The Precentor was Canon Moncrief, assisted by Canon Hardy, the subchanter, 'the voice'. The Organist and Choirmaster was Ambrose Porter, FRCO, who lived in Darwin's old house on the border of the Close.

The boys' school day from was 8.00am until 5.00pm with a half day off on both Tuesday and Saturday.

Boys' practices were held in the Song School in the North-West corner of the Close. Although there was the "Cottage" organ there, a piano was used to accompany the rehearsals. The "Cottage" organ was a constant source of fun for the boys, and annoyance to Mr Lott (one of the visiting organists) because of the interchangeable pipes. The other visiting organists included Mr Morgan, a fiery Welshman, and Mr Pettigrew, who was later heard of in the army in Africa.

When I first started, the Bishop was the Rt Rev Kempthorne who was succeeded by Bishop Barnes. The Bishop selected two of the choristers to hold his bejewelled robe, for which they were given a shilling; I was lucky enough to be chosen on a couple of occasions.

There were small Christmas parties for the boarders (as we never went home at Christmas, unlike the day boys), and these were given by the Precentor, Subchanter and others. Canon Hardy gave us a rhyme about someone putting up shutters and sitting in the shop, which he would recite at breakneck speed with us all waiting for him to get the vowels wrong.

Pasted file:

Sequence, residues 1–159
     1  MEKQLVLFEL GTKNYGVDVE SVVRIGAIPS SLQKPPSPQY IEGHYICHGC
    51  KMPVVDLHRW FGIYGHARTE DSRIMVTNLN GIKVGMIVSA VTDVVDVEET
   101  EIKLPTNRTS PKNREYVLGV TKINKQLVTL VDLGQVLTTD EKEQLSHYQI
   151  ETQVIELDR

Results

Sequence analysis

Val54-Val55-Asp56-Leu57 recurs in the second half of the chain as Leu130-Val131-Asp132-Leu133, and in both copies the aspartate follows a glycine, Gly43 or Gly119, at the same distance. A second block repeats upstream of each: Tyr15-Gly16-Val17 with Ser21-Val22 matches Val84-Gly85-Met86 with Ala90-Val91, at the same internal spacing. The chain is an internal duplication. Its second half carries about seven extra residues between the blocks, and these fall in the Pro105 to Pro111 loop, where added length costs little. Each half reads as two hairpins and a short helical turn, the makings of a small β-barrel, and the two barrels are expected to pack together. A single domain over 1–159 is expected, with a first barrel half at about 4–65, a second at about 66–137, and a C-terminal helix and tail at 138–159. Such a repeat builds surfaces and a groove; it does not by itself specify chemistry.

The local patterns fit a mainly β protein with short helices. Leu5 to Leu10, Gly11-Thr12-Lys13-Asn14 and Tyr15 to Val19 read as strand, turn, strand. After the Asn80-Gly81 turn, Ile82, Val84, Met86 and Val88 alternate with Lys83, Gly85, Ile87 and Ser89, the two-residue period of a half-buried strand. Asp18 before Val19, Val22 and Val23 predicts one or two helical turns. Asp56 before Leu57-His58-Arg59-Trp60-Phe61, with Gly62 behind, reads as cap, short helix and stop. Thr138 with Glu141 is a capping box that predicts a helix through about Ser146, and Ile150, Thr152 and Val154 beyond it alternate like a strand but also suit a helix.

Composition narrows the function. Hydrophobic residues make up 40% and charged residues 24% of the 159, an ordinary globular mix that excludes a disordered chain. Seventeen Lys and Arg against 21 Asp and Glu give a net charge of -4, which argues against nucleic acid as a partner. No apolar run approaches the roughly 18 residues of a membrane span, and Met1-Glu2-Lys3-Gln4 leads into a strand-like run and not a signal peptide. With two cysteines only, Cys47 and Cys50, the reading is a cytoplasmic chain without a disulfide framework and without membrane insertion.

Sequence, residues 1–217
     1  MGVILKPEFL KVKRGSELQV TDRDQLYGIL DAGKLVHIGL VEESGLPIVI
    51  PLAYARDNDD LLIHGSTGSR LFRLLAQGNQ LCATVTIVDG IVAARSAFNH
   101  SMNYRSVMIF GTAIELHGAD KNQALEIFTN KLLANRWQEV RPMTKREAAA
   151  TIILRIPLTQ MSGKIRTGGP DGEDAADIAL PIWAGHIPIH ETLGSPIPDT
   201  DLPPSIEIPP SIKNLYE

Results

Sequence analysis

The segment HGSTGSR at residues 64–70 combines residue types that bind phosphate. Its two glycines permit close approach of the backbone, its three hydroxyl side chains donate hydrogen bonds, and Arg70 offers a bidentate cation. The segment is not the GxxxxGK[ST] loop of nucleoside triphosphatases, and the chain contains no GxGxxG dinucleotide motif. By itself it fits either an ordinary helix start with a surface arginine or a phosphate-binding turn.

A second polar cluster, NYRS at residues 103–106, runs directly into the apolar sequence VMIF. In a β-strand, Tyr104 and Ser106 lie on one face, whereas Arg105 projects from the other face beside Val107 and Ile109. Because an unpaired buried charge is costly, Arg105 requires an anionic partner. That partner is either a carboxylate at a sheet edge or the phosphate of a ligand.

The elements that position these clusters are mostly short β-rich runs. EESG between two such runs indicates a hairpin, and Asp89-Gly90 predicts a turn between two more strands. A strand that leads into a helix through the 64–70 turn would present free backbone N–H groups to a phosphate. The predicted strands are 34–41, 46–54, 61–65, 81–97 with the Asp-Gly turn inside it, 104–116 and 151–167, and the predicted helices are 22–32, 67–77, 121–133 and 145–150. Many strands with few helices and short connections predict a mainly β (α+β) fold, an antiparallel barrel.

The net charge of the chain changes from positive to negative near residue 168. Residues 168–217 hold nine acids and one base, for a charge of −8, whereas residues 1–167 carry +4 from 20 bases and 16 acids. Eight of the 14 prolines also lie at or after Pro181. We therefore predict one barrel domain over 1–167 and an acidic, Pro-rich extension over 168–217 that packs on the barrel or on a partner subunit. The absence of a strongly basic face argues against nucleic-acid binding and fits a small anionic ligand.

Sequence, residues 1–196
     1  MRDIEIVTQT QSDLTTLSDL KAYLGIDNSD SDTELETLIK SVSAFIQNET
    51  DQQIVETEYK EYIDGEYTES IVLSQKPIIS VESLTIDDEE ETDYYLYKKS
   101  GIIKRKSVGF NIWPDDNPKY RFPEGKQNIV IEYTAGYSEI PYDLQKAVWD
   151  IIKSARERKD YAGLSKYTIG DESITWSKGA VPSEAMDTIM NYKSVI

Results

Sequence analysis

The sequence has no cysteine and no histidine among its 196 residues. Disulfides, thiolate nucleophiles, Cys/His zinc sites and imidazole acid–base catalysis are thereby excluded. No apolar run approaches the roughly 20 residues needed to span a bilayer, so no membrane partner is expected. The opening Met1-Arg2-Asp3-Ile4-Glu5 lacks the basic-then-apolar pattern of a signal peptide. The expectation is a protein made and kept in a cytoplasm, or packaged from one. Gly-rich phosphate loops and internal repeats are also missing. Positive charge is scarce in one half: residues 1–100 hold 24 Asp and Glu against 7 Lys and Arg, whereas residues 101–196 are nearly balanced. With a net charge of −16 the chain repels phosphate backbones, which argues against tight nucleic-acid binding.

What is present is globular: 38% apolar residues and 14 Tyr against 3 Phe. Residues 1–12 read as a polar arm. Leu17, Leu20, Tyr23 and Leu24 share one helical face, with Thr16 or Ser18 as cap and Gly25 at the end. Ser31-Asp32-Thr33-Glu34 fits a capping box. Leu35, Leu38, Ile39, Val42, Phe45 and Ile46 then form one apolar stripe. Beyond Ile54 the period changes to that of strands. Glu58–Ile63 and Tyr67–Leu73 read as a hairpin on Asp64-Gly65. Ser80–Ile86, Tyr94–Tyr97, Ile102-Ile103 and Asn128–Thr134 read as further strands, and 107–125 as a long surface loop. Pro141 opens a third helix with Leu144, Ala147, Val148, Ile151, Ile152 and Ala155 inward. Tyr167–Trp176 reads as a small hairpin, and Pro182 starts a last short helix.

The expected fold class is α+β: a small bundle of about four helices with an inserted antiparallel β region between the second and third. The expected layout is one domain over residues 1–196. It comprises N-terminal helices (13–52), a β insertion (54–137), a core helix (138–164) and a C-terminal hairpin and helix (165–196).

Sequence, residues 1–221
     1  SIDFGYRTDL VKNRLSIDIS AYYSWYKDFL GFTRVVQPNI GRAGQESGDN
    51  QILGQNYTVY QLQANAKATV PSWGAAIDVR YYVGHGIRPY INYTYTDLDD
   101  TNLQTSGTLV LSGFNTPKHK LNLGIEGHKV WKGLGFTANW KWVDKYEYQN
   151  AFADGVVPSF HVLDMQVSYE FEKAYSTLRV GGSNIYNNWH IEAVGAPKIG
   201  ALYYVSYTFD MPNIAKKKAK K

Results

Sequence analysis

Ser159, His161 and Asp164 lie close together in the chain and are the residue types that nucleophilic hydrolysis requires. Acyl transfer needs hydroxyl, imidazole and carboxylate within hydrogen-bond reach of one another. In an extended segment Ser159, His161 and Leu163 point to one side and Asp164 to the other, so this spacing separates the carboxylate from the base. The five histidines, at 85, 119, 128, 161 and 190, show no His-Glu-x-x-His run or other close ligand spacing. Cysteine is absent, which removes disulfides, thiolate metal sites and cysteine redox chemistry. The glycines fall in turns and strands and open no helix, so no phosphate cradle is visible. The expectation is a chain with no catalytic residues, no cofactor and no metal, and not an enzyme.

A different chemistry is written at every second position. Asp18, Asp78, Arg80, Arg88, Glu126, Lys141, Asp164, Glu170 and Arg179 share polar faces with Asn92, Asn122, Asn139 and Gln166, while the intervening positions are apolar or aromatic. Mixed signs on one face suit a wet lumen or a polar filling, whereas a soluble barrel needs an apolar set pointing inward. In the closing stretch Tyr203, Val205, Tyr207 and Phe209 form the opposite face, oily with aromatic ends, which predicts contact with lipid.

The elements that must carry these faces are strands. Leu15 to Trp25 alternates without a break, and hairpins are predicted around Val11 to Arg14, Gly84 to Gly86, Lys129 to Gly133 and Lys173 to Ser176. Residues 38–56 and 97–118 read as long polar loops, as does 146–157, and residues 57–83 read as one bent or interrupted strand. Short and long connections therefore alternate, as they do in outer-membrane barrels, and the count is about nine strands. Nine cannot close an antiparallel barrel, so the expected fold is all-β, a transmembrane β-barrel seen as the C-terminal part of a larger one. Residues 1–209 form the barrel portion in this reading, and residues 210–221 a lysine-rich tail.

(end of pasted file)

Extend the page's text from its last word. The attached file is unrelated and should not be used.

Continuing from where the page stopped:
Most of the choristers were the exact age to be called up - in my case, to volunteer for service - in the Second World War, soon after leaving. I served in the Royal Navy from August 1941 to August 1946.

I do remember a memorial board in the classroom at school with the names of the choristers who had served in World War One, with Maltese crosses beside the names of those who had did.

The photograph is of me in January 1934, when I was aged 11, when I started in the choir. I got in by the skin of my teeth, as I was born in February 1922 and had I been 12 years old they would not have taken me!

George Greaves, aged 11 in 1934 (Chorister, 1934-1937)
George Greaves, aged 11 in 1934 (Chorister, 1934-1937)